Meet the Scot with the country’s silliest name


THE Scot with the country’s silliest name has explained his mind-bending monicker – and plans to make it even longer.


Mr Michael Connor Lightning Akimbo Wumbo Wigglesworth Pussyfoot Katzenjammer Clarke Whittet.


In 2013 Michael Connor Clarke Whittet paid £33 to become Michael Connor Lightning Akimbo Wumbo Wigglesworth Pussyfoot Katzenjammer Clarke Whittet.

The 20-year-old student used the handle to vote in the Scottish Independence referendum and is now planning to add yet more names.

Michael, who is from Edinburgh and currently studying biochemistry at the University of Dundee, said: “I remember reading a list of funny names that people had chosen and decided to look into changing mine.

“It was only about £30 so I thought I would have a bit of fun with it – each word is pretty random.

“I thought Lightning Akimbo had a good ring to it, and the word Wumbo comes from an episode of Spongebob Squarepants.

“Wigglesworth is a character in a PG Wodehouse novel, and I thought Pussyfoot sounded funny.

“Katzenjammer was suggested to me by a friend – it’s a German word which roughly means splitting headache.”


Despite the drastic enhancement to his title, Michael says his family were “not that bothered” since he kept his first and last names the same.

He has even managed to get away with not having to change his driving license or passport – since they both allow for lengthy middle names to be omitted.

“I did have it has my name on my student card for a while,” Michael said.

“But I decided to change it back because they use that name on your graduation certificate, and I got cold feet about that.

“My parents weren’t that bothered about it, I think they were just happy I kept the names they gave to me and simply added to them.

“I’m starting to think that I might add some more words, though I haven’t decided what they will be yet.”

Michael also insists that he spent weeks debating the change before making the final commitment, and it was not the result of a drunken night out.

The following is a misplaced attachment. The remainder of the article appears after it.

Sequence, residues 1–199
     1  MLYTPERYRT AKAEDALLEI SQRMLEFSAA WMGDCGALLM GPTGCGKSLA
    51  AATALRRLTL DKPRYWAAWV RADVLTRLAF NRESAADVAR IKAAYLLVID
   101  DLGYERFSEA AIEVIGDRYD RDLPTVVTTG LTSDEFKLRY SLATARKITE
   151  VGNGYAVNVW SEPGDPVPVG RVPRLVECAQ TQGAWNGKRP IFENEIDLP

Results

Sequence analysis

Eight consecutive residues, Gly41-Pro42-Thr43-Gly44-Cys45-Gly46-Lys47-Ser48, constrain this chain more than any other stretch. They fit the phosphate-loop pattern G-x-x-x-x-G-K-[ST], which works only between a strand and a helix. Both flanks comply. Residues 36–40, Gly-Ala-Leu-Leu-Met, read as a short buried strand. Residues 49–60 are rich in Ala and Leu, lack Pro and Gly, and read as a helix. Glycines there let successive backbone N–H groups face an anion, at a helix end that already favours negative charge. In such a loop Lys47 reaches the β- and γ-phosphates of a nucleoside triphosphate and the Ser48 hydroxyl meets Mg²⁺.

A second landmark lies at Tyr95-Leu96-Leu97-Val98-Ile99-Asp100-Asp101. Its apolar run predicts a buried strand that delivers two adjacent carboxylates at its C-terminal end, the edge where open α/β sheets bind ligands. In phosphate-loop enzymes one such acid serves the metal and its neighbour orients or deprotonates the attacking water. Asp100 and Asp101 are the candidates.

“I decided to go for length,” he said. “But at the time I thought if I went any longer than that I wouldn’t be able to remember my own name.

“I did use the name to register for the Independence Referendum. When I arrived to vote it was very easy for the assistants to find my name – it ran over four lines.”

Record numbers of Brits have recently been changing their titles to inspired by their favourite footballers, cartoon characters and even food.

One man, Simon Smith, from North London, changed his name to Bacon Double Cheeseburger last year to “spice things up a bit”.

Others have even changed their handles to Happy Birthday, George Thomas The Tank Engine and None Of The Above.

One person went as far as adding the names of twelve Olympic gold medallists to his own.

He is now known as Thomas Steve Redgrave Matthew Pinsent Linford Christie Ian Thorpe Daley Thompson Chris Hoy Seb Coe Carl Lewis Steve Ovett Jonathan Edwards Ben Ainslie Usain Bolt Manly.

Last year the UK Deed Poll Service – Britain’s largest name-changing company – handled more than 60,000 applications alone, and expects even more in 2016.

The process, which takes four working days to complete, costs £33 for an adult and £35 for a child.

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